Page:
Trying to get pregnant? Make sure you know the bottom line on baby-making—what you don't understand can affect your bub-to-be's health.
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Telling a mother not to worry is silly. It’s in our nature. It’s what we do. That said, that’s exactly what I’m going to say this week. Quit worrying, my dears. It’s not good for you.
I’ve received so many emails lately from worried mamas with straight up valid reasons to be concerned ranging from bacterial vaginosis, to spotting, grumpy husbands, and new kittens. One is having trouble conceiving a baby and wonders if Bacterial Vaginosis is to blame. Another saw a few spots of blood in her panties, and another has a husband who’s just not into pregnancy. Last but not least, one just found out she’s pregnant, has two kittens she’s madly in love with and is terrified of toxoplasmosis in their litter box. What should they do? They should all stop worrying.
I’m not trying to dismiss their concerns. I’m right in there with the best of the worriers, but I’m learning to change my ways. When I was pregnant with my first baby I pestered the heck out of my doctor with some-valid/some not-so-valid worries. I called my doctor late on a Saturday evening when I heard my dishware was being recalled because it might be contaminated with lead. I was totally freaked that by eating off those plates my baby would be brain damaged. Turns out the plates, a blood test and my daughter were all fine. Another time, I freaked out because a woman on the news claimed she’d contracted HIV through her Rhogam shot. I’d just had my first Rhogam shot and was pretty darn worried. It was the 80s, Rhogam is a blood product and screening protocols were still new.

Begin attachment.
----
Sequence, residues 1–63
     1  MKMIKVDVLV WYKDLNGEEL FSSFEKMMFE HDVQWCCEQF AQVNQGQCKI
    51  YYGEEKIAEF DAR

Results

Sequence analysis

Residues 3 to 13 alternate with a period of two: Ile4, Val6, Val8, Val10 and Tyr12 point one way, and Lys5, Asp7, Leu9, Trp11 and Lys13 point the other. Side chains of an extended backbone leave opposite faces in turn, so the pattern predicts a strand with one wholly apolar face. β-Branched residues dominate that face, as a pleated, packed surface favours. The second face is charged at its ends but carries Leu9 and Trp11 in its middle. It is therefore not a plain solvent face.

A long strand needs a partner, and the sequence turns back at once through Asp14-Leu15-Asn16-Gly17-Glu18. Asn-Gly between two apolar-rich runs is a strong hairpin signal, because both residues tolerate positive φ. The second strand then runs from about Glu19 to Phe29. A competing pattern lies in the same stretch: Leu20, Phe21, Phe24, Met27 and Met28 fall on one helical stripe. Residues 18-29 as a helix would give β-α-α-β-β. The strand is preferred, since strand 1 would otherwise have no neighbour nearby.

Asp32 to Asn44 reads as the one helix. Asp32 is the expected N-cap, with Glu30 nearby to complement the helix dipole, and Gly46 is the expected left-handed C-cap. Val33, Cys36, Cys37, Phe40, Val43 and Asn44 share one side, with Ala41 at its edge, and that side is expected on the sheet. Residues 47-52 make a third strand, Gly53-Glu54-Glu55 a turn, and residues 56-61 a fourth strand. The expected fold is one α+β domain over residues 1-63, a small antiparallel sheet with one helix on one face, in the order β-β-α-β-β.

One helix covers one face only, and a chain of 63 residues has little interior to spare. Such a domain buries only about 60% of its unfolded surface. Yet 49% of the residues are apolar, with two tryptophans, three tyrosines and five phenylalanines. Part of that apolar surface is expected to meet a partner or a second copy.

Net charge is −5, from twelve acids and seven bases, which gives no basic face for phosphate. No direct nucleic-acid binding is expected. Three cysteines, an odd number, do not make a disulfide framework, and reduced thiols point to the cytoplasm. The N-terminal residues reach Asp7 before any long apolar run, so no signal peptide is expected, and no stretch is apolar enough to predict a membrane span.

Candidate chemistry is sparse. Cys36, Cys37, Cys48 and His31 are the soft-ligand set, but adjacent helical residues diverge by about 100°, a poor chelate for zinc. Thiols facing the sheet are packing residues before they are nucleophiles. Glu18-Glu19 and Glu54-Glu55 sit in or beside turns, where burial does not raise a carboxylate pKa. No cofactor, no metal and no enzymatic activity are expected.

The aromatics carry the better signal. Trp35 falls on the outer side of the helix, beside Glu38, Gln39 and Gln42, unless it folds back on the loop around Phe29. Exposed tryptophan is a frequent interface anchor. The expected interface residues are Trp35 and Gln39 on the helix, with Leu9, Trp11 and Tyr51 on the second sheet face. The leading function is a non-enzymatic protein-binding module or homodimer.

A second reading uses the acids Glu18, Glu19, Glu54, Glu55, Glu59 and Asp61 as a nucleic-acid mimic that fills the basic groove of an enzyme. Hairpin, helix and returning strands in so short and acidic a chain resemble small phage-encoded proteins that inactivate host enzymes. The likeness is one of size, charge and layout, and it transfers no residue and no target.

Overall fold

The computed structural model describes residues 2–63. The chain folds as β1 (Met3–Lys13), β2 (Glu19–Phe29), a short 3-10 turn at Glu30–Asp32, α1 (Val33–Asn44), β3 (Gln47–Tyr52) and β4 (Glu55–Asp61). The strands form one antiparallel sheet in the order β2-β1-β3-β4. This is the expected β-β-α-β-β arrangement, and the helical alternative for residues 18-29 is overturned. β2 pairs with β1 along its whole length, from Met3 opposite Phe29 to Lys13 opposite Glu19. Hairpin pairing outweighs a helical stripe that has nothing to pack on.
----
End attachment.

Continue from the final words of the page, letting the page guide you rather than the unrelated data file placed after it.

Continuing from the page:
The list of things that freak us out when we’re carrying our babies is long and evolving and doesn’t stop even after the kids leave home. There’s a lot at stake, pregnancy is a huge responsibility and we live in stressful times. I get it. And still…quit worrying.
Here’s what worry will do for you – zilch, nada, nothing. Somebody once said, “Worrying is like a rocking chair. It gives you something to do, but it gets you nowhere.” I’d argue that it does take you someplace, but nowhere you want to go. Many scientists, physicians and health experts have proven that worry, stress, fear and pervasive negative thoughts can actually contribute to poor health outcomes. Patience, education and action on the other hand can take you to a place of health and wellbeing.